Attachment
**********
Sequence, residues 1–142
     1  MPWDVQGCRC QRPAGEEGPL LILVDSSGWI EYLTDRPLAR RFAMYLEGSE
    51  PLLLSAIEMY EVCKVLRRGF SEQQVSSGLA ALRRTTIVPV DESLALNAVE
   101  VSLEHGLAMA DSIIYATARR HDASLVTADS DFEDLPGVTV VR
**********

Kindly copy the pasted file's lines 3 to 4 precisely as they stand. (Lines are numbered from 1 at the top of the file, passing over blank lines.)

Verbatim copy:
    51  PLLLSAIEMY EVCKVLRRGF SEQQVSSGLA ALRRTTIVPV DESLALNAVE
   101  VSLEHGLAMA DSIIYATARR HDASLVTADS DFEDLPGVTV VR